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Naming of animals
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When roaming the back roads of Wisconsin, I found a road sign “ASSMAN”. Further searches found it was a surname for residents of the area. No doubt the origin in another language, the surname may have meant something else. Or did his ancestors chose the surname since they raised donkeys.

Questions: How come ass refers to the buttocks. When did that happen. How come ass became synonymous with donkey.

asusena Armenia
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Webster’s online dictionary lists at http://www.merriam-webster.com/dictionary/ass:


:  any of several hardy gregarious African or Asian perissodactyl mammals (genus  Equus) smaller than the horse and having long ears;  especially  :  an African mammal (E. asinus) that is the ancestor of the donkey
sometimes vulgar  :  a stupid, obstinate, or perverse person<made an  ass  of himself>  —often compounded with a preceding adjective  <don’t be a smart-ass>

Origin of  ASS

Middle English, from Old English  assa,  probably from Old Irishasan,  from Latin  asinus
First Known Use: before 12th century
a  often vulgar  :  buttocks  —often used in emphatic reference to a specific person  <get your  ass  over here>  <saved myass>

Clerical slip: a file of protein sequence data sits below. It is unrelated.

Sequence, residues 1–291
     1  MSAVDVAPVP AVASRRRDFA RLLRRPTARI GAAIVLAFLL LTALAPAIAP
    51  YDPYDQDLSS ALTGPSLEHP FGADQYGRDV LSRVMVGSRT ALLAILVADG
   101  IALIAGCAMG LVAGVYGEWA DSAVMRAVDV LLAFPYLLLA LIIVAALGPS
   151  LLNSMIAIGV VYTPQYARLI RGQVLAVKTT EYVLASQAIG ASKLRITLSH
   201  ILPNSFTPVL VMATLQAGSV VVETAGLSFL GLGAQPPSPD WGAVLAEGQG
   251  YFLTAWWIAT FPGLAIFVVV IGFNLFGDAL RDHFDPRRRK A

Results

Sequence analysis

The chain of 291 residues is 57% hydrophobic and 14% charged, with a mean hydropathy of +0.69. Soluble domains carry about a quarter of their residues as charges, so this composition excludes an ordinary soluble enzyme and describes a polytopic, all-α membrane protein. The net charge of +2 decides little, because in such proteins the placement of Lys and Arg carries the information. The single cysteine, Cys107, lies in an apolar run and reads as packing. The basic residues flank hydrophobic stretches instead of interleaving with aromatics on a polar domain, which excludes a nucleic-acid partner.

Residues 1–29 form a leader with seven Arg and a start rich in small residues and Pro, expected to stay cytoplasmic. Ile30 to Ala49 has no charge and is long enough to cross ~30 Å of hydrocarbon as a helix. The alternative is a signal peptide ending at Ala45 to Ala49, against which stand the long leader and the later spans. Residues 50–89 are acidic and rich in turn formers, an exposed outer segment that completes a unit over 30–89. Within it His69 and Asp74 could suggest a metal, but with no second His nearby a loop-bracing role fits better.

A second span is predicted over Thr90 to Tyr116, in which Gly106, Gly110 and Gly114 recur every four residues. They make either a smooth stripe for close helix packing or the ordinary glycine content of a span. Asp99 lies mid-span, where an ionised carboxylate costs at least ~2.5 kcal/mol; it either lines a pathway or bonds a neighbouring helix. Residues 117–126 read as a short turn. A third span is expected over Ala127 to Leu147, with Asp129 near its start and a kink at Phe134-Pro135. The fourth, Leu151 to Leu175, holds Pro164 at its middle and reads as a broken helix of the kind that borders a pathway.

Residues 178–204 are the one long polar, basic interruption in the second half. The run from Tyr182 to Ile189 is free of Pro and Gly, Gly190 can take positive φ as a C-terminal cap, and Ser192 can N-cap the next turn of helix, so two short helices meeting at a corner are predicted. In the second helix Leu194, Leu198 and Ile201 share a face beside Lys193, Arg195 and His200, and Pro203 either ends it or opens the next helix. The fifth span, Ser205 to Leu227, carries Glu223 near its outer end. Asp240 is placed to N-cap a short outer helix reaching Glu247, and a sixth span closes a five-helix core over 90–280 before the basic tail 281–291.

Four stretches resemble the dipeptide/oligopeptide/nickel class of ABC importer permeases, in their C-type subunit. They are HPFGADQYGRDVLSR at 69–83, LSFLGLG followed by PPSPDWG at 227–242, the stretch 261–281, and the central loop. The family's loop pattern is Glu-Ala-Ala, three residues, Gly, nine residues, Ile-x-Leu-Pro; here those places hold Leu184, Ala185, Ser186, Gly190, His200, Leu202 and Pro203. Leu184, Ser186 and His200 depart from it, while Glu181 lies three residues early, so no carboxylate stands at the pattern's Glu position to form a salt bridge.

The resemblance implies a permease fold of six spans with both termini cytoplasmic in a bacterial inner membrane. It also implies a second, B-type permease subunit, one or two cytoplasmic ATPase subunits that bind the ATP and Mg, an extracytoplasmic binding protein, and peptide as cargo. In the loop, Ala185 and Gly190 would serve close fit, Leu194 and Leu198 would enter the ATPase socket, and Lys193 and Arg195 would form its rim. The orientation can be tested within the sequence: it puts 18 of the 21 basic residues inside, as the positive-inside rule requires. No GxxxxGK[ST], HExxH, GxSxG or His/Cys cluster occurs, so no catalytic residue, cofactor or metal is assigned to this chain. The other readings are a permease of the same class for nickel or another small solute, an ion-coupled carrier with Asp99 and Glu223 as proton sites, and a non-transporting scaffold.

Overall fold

b  often vulgar  :  anus

usually vulgar  :  sexual intercourse

Origin of  ASS

Middle English  ars, ers,  from Old English  Ã¦rs, ears;  akin to Old High German & Old Norse  ars  buttocks, Greek  orrhosbuttocks,  oura  tail
First Known Use: before 12th century
Online Etymology Dictionary provides us with the following information:
ass (n.1)    beast of burden, Old English  assa  (Old Northumbrian  assal,  assald) “he-ass,” probably from Old Celtic  *as(s)in  “donkey,” which (with German  esel, Gothic  asilus, Lithuanian  asilas, Old Church Slavonic  osl) ultimately is from Latin  asinus, which is probably of Middle Eastern origin (cf. Sumerian  ansu).

For al schal deie and al schal passe, Als wel a Leoun as an asse. [John Gower, “Confessio Amantis,” 1393]

Since ancient Greek times, in fables and parables, the animal typified clumsiness and stupidity (hence  asshead, late 15c., etc.). To  make an ass of oneself  is from 1580s.  Asses’ Bridge  (c.1780), from Latin  Pons Asinorum, is fifth proposition of first book of Euclid’s “Elements.” In Middle English, someone uncomprehending or unappreciative would be  lik an asse that listeth on a harpe. In 15c., an  ass man  was a donkey driver.

ass (n.2)  slang for “backside,” first attested 1860 in nautical slang, in popular use from 1930; chiefly U.S.; from dialectal variant pronunciation of  arse  (q.v.). The loss of  -r-  before  -s-attested in several other words (e.g.  burst/bust,  curse/cuss,  horse/hoss,  barse/bass). Indirect evidence of the change from  arse  to  ass  can be traced to 1785 (in euphemistic avoidance of  ass  “donkey” by polite speakers) and perhaps to Shakespeare, if Nick  Bottom  transformed into a donkey in “A Midsummer Night’s Dream” (1594) is the word-play some think it is. Meaning “woman regarded as a sexual object” is from 1942. Colloquial  (one’s) ass  “one’s self, one’s person” attested by 1958.